The MIT Technology Review reported on Wednesday that Donald Trump’s antibody cocktail was originally made from abortion-derived stem cells. Some of the antibodies provided to Trump after he tested positive for COVID-19 were created in a lab and originally taken from kidney tissue from an aborted fetus in the 1970s. The Trump administration is so staunchly anti-abortion that it has actively blocked researchers’ ability to use abortion tissue in this way for contemporary research.
Of course, the administration would likely argue you can't unscramble an egg, or that this treatment's current implementation condones its origins, but it nonetheless doesn't look good. It looks like another instance of the "do as I say, not as I do" approach that's been dominant in the Oval Office decision-making process of the last four years. Trump doesn't believe the rules apply to him, whether that's paying tax, not-talking over rivals in the debate, wearing a mask, or not deleting his own tweets.
Republican pro-lifers should bristle at the President's willingness to flout his own position when it suits him.
It's the hypocrisy that really smarts — Regeneron Pharmaceuticals is the company behind Trump’s emergency antibody treatment and created it using a cell line sourced from abortion tissue. Though the administration has pushed back aggressively on this kind of research, these methods have yielded numerous life-saving drugs and vaccines. In August alone, the administration blocked 13 out of 14 funding proposals that included this method, but they're more concerned with fresh cells than older ones.
The cells from the abortion, 293T, have acted similarly to cancer cells, dividing in a lab for decades and long-since modified genetically. What was used last weekend was thus not directly from the abortion, and the administration has been less interested in curtailing research using these grandfathered-in cells, as it were. Regeneron and other labs have relied on 293T cells to create virus-like "spike" proteins and test different antibodies efficacy.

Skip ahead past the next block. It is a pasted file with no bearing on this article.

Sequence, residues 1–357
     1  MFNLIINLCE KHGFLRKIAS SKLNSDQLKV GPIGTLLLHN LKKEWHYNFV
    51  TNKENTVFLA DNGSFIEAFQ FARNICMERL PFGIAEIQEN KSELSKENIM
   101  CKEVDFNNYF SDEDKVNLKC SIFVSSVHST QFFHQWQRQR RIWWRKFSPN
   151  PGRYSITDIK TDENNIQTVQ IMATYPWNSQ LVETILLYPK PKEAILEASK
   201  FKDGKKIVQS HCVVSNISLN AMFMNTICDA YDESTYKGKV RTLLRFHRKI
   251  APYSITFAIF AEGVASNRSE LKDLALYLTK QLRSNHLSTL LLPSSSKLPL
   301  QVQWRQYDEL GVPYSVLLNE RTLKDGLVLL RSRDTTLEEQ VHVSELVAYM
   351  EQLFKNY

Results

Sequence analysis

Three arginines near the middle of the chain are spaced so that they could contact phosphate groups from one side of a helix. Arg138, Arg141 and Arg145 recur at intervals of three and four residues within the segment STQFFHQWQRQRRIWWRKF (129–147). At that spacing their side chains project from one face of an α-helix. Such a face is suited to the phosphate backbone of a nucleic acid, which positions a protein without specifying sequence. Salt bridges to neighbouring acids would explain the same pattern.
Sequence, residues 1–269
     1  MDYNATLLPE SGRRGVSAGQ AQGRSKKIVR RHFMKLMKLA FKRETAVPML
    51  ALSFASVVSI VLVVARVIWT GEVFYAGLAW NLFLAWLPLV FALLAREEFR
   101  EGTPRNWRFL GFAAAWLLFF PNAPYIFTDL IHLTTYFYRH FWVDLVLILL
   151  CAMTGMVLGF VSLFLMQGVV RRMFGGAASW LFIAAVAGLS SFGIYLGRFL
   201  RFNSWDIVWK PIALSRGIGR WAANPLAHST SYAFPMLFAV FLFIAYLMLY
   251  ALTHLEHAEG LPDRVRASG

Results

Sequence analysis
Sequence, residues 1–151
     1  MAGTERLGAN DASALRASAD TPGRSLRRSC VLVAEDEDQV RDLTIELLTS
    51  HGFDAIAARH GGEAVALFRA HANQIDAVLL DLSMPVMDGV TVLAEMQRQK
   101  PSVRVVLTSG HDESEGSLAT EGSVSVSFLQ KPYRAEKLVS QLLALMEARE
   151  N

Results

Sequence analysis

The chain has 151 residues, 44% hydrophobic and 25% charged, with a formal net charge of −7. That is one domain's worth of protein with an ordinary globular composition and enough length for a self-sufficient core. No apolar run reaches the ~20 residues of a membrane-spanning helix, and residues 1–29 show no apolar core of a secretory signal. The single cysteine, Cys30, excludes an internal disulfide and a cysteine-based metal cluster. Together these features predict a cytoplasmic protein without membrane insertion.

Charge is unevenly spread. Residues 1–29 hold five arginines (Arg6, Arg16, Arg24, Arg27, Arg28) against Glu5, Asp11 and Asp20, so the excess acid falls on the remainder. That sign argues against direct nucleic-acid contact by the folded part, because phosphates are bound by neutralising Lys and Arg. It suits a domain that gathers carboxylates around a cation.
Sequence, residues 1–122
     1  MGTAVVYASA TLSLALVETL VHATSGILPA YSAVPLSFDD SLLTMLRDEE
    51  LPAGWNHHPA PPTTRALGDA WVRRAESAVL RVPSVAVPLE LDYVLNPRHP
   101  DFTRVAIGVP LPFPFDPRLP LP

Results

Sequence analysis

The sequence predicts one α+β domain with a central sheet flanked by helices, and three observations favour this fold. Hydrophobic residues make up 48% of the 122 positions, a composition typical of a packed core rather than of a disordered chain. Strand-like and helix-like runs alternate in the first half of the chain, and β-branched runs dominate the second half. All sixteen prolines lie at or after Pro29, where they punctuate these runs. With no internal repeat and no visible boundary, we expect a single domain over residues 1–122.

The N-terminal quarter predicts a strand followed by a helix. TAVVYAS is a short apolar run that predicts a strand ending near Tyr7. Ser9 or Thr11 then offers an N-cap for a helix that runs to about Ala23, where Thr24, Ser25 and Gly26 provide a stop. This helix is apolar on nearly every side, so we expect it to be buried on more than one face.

An expert in the field would be necessary to know the drug’s origin, so it’s entirely probable that no one knew Trump was benefitting from a procedure he’s worked so hard to destroy access to for people with uteruses across the country. Even if anyone knew, they could argue that the treatment was too far removed from abortion politics.
Parsed through partisan eyes — “It’s how you want to parse it,” Alexandra Bowie, a Regeneron spokesperson, told MIT Technology Review. “But the 293T cell lines available today are not considered fetal tissue, and we did not otherwise use fetal tissue.”
It’s no secret that this year feels not unlike a season of television during the 2008 Writer’s Strike on steroids (or maybe Dexamethasone). These kinds of ironic complications feel too wild to be based in reality.
Still, while those closest to Trump might not have had the knowledge to know how his treatment came into being, they are definitely nefarious enough to let him take it even if they had. But they'd do well to consider what future calamities might yet be averted if the sort of research and treatments stem cells enable were encouraged instead of stifled. But that, of course, would require foresight, compassion, scientific understanding, and other traits the administration appears unable to comprehend, let alone demonstrate.